2.1 Solve a visual arts problem that involves the effective use of the elements of art and the principles of design.
3.3 Identify and describe trends in the visual arts and discuss how the issues of time, place, and cultural influence are reflected in selected works of art.
4.1 Articulate how personal beliefs, cultural traditions, and current social, economic, and political contexts influence the interpretation of the meaning or message in a work of art.
4.5 Employ the conventions of art criticism in writing and speaking about works of art.
5.2 Create a work of art that communicates a cross-cultural or universal theme taken from literature or history.

Modifications: 
English Language Learner: Handout for project, project samples, Power point with visuals, Critique for additional understanding, Demonstration of techniques, group activities to check for understanding
Special Needs: Handout for project, project samples, Power point with visuals, Critique for additional understanding, Demonstration of techniques
Accelerated Learner: Expand on skills learned to create a unique project. 
Advanced art students will be asked to increase the difficulty of their final sculpture They will also be expected incorporate more details and principles into the final project

Scaffolding adaptations: 
Students will revisit Shape, Color, and Pattern from the earlier learning. We will use similar visuals to refresh earlier learning.  Notes on Art history, Key Vocabulary and artists will be taken throughout discussions for added understanding. Creating sketchbook plans and Constructing final sculpture will be demo started in class using guided instruction.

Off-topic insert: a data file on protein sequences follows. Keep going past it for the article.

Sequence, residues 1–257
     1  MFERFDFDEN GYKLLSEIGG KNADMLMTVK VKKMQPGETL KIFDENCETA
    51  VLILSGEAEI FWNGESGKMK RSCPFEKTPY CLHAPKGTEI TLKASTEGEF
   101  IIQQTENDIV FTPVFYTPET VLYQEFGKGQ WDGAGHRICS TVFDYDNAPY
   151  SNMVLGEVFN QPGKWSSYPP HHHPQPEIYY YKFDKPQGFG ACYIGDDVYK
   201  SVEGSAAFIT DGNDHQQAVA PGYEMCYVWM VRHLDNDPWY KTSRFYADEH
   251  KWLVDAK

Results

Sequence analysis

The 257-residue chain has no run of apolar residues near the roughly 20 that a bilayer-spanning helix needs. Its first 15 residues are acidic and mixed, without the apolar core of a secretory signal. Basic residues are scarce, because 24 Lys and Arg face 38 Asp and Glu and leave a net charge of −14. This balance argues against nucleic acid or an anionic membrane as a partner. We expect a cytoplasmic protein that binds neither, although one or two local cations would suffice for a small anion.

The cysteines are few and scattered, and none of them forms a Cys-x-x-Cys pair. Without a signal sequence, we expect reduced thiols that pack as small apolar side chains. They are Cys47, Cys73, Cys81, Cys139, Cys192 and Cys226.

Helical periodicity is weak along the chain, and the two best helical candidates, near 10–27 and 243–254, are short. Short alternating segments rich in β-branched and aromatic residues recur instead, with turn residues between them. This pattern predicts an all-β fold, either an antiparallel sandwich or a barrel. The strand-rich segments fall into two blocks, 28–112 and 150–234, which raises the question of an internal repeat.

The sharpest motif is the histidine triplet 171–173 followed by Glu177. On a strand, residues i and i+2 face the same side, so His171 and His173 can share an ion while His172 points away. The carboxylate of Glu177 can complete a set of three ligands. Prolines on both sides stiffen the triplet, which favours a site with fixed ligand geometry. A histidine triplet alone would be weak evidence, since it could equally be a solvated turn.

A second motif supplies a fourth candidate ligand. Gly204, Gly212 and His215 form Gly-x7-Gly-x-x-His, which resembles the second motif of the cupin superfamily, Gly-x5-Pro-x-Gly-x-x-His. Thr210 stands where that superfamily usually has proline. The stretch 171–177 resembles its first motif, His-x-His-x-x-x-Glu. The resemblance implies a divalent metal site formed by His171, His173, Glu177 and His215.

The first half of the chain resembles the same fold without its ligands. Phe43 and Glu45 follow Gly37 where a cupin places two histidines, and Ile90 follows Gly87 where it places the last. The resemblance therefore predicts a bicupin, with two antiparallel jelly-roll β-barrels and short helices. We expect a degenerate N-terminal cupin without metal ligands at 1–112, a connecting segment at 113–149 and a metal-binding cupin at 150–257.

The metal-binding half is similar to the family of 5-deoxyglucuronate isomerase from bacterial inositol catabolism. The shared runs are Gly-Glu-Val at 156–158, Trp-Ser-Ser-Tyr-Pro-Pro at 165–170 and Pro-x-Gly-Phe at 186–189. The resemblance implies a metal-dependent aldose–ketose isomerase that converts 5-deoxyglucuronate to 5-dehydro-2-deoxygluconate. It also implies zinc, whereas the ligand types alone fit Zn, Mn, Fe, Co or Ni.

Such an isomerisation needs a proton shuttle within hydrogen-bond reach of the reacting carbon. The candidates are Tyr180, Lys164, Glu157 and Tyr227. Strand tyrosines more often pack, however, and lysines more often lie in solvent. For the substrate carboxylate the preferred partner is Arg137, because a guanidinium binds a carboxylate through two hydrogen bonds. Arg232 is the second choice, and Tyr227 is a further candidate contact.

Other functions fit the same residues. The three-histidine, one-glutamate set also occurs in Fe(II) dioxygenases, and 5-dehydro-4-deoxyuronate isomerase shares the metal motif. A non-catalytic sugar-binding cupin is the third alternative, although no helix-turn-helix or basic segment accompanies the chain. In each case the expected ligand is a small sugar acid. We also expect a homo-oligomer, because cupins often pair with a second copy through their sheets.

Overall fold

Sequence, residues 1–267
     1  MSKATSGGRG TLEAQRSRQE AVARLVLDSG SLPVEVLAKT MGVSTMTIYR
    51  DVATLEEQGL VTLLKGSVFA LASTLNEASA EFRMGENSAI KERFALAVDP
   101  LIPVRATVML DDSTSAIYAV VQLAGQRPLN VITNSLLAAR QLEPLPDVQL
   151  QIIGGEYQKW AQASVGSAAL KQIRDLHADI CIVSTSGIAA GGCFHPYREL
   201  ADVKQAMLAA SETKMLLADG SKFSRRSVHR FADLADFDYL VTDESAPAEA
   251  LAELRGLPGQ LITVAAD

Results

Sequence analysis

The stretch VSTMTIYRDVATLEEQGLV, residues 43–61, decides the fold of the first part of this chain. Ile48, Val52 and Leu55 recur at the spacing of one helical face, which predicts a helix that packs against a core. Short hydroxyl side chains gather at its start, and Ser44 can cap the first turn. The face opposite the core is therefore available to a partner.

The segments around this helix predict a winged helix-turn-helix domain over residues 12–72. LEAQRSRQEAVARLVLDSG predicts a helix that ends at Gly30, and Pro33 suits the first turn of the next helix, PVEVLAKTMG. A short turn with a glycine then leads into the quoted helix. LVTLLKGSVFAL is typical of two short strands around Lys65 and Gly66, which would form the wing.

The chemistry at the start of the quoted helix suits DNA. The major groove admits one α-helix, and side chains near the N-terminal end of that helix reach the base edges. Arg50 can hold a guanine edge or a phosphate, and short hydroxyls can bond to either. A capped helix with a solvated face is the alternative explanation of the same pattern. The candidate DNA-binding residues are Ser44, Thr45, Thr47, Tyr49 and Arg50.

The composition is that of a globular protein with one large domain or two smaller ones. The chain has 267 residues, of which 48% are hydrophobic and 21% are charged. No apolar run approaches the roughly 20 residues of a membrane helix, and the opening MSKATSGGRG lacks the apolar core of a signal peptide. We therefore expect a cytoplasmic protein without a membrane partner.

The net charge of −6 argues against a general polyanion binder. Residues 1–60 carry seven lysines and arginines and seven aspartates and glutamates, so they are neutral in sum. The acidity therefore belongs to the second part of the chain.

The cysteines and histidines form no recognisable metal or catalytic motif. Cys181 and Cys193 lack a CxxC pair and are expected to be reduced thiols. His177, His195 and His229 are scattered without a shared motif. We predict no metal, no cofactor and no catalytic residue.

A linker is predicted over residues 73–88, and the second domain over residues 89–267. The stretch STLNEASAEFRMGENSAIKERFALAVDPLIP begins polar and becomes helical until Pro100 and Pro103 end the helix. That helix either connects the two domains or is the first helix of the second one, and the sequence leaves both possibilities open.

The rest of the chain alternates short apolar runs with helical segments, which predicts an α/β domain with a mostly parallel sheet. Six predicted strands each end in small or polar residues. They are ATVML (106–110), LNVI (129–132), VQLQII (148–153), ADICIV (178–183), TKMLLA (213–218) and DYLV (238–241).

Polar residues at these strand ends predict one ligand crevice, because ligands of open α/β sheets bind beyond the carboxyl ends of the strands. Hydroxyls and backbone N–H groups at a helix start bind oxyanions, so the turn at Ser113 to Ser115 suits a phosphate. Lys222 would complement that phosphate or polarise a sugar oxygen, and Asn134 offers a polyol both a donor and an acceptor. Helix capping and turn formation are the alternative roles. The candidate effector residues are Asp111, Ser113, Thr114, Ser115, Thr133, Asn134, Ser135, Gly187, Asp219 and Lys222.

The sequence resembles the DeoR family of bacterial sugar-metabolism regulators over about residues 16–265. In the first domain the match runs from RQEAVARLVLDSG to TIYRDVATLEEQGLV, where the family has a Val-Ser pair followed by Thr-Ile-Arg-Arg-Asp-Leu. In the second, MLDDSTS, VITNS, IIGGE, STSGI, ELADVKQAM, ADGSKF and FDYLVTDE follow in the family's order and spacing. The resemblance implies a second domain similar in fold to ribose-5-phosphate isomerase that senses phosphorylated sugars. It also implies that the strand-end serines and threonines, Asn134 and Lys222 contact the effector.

Art Link: 
Small Group Critique Sam Gilliam’s The petition 
Describe
Analyze
Interpret
Large Group Critique 
Reveal Sam Gilliam’s Thoughts on the work. 

INTRODUCTION: Sam Gilliam
Art History: Sam Gilliam, Color Field Art Movement, Harlem Renaissance and music in art. 

OBJECTIVE: Create Cardboard sculpture exploring color, shape, and rhythm in the style of Sam Gilliam
Cardboard and foam core Construction with Paper Mache
Must Complete Sculpture from all Angles in a 3 color palette exploring music/emotion
Critiques Sam Gilliam as pre-assessment
Discuss and practice drawing your final project on paper for construction and color. 
Work closely with teacher before moving through each step of the project
Students will understand new vocabulary as is relates to visual art

INSTRUCTION: 
Students will discover review the elements of Shape, color, and the principle Rhythm. They look at the artwork of Sam Gilliam and create a Paper Mache, Rhythm Sculpture exploring color and emotion. 

DIRECT INSTRUCTION:
Power Point Presentation Sam Gilliam, Color Field, Harlem Renaissance, Music, Color
Pre-assessment: Critique Sam Gilliam’s, The Petition
Opening: Art Link: Photo of Sam Gilliam’s, The Petition
Small Group Discussion
Describe the work
Analyze the artwork
Interpret The artwork 
Large Group Discussion
Discussion: Art History: Sam Gilliam, Color Field and Harlem Renaissance 
ART HISTORY: Sam Gilliam 
Sam Gilliam (1933-      ) 
Tupelo, MS, African American, Color Field Painter 
Associated with the Washington Color School 
Works also considered: Abstract Expressionism 
Works on stretched, draped and adds sculptural 3D elements. 
First artist to show painted canvas hanging without stretcher bars, 1965.